Romanian neuroscientist receives USD 2.5 mln funding from Chan Zuckerberg Initiative
Romanian-born Sergiu Pasca, an assistant professor of Psychiatry and Behavioral Sciences at Stanford University, is one of the recipients of the Ben Barres Early Career Acceleration Awards, a program funded by the Chan Zuckerberg Initiative (CZI), the philanthropic organization established by Facebook founder Mark Zuckerberg and his wife Priscilla Chan. With this, he received a USD 2.5 million grant award to pursue neurodegeneration research.
The application, titled “Assembling Human Cellular Models to Study Neurodegeneration”, describes the research as aiming to “leverage technology we developed in the lab to build self-organizing 3D human cellular systems that capture neural-glial interactions and inter-regional neural cross-talk. We will use this powerful preparation, also known as brain assembloids, to uncover the programs underlying prolonged maturation of neurons and astrocytes in humans and model specific genetic forms of neurodegenerative disorders.” The research could “lead to novel strategies and tools for modeling brain maturation and neurodegeneration with patient-derived cells and could ultimately bring therapeutic insights.”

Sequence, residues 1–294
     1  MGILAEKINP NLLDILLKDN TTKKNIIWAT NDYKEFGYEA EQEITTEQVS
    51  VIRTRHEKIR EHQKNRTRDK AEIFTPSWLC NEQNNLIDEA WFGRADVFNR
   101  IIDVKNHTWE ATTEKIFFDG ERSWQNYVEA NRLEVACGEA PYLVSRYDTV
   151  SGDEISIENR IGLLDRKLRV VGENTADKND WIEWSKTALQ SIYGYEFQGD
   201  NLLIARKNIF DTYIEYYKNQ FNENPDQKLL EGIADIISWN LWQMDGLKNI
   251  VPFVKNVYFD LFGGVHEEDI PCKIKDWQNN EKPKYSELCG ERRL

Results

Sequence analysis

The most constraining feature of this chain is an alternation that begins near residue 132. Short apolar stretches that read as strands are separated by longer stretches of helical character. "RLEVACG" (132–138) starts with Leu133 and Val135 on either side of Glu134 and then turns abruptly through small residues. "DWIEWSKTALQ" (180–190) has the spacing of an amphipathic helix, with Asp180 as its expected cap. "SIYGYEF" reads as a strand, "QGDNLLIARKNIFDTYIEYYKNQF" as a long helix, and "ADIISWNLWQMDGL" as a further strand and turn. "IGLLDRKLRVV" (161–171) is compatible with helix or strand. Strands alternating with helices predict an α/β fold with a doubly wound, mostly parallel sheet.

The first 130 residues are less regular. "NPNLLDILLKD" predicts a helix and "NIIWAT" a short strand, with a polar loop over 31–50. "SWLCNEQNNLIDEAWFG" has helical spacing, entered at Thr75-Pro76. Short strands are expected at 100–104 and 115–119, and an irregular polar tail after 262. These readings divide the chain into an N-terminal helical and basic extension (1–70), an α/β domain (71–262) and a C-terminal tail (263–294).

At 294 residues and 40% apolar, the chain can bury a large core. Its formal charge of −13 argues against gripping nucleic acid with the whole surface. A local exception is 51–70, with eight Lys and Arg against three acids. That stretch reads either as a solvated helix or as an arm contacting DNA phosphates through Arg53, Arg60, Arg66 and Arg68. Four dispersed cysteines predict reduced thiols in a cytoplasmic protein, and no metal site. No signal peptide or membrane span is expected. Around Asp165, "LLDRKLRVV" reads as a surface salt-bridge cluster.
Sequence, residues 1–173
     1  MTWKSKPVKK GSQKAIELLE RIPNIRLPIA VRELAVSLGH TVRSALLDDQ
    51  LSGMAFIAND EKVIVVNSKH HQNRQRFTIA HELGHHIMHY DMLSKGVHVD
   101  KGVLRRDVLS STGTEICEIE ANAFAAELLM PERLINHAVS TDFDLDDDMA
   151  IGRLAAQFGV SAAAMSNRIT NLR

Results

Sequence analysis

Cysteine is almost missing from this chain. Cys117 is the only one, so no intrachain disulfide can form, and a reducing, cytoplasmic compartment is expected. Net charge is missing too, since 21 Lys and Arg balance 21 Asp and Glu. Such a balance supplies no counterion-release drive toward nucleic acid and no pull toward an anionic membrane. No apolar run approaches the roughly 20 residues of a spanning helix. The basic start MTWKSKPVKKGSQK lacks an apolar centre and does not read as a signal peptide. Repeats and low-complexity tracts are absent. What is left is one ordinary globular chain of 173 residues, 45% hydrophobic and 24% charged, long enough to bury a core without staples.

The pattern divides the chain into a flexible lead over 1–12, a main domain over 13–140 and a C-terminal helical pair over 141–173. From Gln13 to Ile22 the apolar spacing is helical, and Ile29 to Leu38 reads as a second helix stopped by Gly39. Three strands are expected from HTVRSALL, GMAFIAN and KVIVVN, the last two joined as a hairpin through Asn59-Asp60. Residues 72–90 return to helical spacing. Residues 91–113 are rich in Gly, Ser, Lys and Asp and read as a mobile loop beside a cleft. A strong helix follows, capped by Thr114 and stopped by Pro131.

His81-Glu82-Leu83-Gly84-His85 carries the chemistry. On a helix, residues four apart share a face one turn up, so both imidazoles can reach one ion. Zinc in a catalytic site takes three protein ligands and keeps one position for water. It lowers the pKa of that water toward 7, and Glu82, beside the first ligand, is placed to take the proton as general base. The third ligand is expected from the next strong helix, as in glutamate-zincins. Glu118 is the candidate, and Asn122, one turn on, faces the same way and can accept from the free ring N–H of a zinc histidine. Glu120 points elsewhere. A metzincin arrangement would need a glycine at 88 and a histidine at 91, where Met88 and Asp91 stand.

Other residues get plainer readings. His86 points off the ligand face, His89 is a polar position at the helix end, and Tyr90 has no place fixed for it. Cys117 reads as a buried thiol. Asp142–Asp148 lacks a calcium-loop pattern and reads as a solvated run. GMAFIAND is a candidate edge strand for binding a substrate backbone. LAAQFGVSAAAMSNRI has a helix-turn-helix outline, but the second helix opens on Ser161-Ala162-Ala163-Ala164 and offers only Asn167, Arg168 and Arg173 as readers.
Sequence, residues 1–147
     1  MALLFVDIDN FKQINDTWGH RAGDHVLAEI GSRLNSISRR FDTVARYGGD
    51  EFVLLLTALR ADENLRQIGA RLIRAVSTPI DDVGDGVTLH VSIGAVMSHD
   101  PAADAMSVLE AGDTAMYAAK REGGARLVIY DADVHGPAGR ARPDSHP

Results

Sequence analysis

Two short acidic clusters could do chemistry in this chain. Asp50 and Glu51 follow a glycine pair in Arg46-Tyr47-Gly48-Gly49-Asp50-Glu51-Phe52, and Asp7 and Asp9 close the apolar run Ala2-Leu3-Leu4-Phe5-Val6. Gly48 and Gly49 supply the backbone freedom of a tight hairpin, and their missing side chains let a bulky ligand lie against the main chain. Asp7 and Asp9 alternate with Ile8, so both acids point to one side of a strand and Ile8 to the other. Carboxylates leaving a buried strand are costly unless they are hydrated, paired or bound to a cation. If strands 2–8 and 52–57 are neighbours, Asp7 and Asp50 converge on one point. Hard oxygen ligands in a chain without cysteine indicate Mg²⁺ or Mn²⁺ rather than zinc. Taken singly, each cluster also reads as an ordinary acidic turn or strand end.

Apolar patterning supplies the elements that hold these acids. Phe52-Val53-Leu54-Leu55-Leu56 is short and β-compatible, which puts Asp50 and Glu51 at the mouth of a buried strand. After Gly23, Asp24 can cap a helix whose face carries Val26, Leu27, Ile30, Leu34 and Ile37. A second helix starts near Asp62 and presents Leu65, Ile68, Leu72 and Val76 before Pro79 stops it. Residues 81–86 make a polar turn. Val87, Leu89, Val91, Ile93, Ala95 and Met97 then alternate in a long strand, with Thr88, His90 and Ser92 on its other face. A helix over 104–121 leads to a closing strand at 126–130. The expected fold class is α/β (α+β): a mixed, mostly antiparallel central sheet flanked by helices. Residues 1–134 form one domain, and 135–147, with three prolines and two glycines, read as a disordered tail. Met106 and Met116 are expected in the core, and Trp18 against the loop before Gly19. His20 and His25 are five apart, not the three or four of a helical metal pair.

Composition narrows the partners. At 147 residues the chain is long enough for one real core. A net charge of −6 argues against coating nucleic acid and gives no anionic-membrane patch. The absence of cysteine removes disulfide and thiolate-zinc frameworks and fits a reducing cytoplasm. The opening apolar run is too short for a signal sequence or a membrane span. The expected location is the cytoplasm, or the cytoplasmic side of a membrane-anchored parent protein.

The CZI Ben Barres Early Career Acceleration Awards are named in honor of Ben Barres, a Stanford neuroscientist who died at the age of 63. It is part of CZI’s new Neurodegeneration Challenge Network, which brings together experimental scientists from diverse research fields, along with computational biologists and physicians, to understand the fundamental biology of neurodegenerative disorders. Their aim is to develop new strategies for the treatment and prevention of neurodegenerative diseases.
Pasca, who is a neuroscientist and stem cell biologist, grew up in Aiud, in western Romania. He also trained as a medical doctor in the country. He arrived at Stanford in 2009 to work in the lab of neuroscientist Ricardo Dolmetsch.
Last year, he received the Vilcek Prize for Creative Promise in the Biomedical Science category, and the ASCB Early Career Life Scientist Award.
(Photo: Andrew Cussler/ Wikipedia)